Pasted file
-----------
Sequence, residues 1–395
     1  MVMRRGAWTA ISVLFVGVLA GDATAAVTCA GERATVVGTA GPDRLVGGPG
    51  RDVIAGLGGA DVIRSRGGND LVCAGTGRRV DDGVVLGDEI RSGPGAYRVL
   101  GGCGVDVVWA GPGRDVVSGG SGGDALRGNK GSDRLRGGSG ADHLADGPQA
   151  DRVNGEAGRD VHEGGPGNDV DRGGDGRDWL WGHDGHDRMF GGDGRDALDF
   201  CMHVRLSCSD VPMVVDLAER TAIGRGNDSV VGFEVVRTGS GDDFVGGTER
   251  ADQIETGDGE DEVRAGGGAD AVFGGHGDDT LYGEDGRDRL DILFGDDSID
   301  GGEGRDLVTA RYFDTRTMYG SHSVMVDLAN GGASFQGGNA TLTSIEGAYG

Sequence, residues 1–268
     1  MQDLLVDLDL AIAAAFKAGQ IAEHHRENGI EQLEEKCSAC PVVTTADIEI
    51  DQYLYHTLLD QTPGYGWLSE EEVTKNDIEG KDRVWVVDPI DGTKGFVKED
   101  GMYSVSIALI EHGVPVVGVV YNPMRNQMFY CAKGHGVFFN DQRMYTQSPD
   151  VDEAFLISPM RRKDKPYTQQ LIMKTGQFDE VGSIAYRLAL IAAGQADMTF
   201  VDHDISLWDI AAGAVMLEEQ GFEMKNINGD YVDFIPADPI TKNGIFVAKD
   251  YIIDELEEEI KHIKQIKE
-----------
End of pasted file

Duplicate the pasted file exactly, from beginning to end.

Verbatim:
Sequence, residues 1–395
     1  MVMRRGAWTA ISVLFVGVLA GDATAAVTCA GERATVVGTA GPDRLVGGPG
    51  RDVIAGLGGA DVIRSRGGND LVCAGTGRRV DDGVVLGDEI RSGPGAYRVL
   101  GGCGVDVVWA GPGRDVVSGG SGGDALRGNK GSDRLRGGSG ADHLADGPQA
   151  DRVNGEAGRD VHEGGPGNDV DRGGDGRDWL WGHDGHDRMF GGDGRDALDF
   201  CMHVRLSCSD VPMVVDLAER TAIGRGNDSV VGFEVVRTGS GDDFVGGTER
   251  ADQIETGDGE DEVRAGGGAD AVFGGHGDDT LYGEDGRDRL DILFGDDSID
   301  GGEGRDLVTA RYFDTRTMYG SHSVMVDLAN GGASFQGGNA TLTSIEGAYG

Sequence, residues 1–268
     1  MQDLLVDLDL AIAAAFKAGQ IAEHHRENGI EQLEEKCSAC PVVTTADIEI
    51  DQYLYHTLLD QTPGYGWLSE EEVTKNDIEG KDRVWVVDPI DGTKGFVKED
   101  GMYSVSIALI EHGVPVVGVV YNPMRNQMFY CAKGHGVFFN DQRMYTQSPD
   151  VDEAFLISPM RRKDKPYTQQ LIMKTGQFDE VGSIAYRLAL IAAGQADMTF
   201  VDHDISLWDI AAGAVMLEEQ GFEMKNINGD YVDFIPADPI TKNGIFVAKD
   251  YIIDELEEEI KHIKQIKE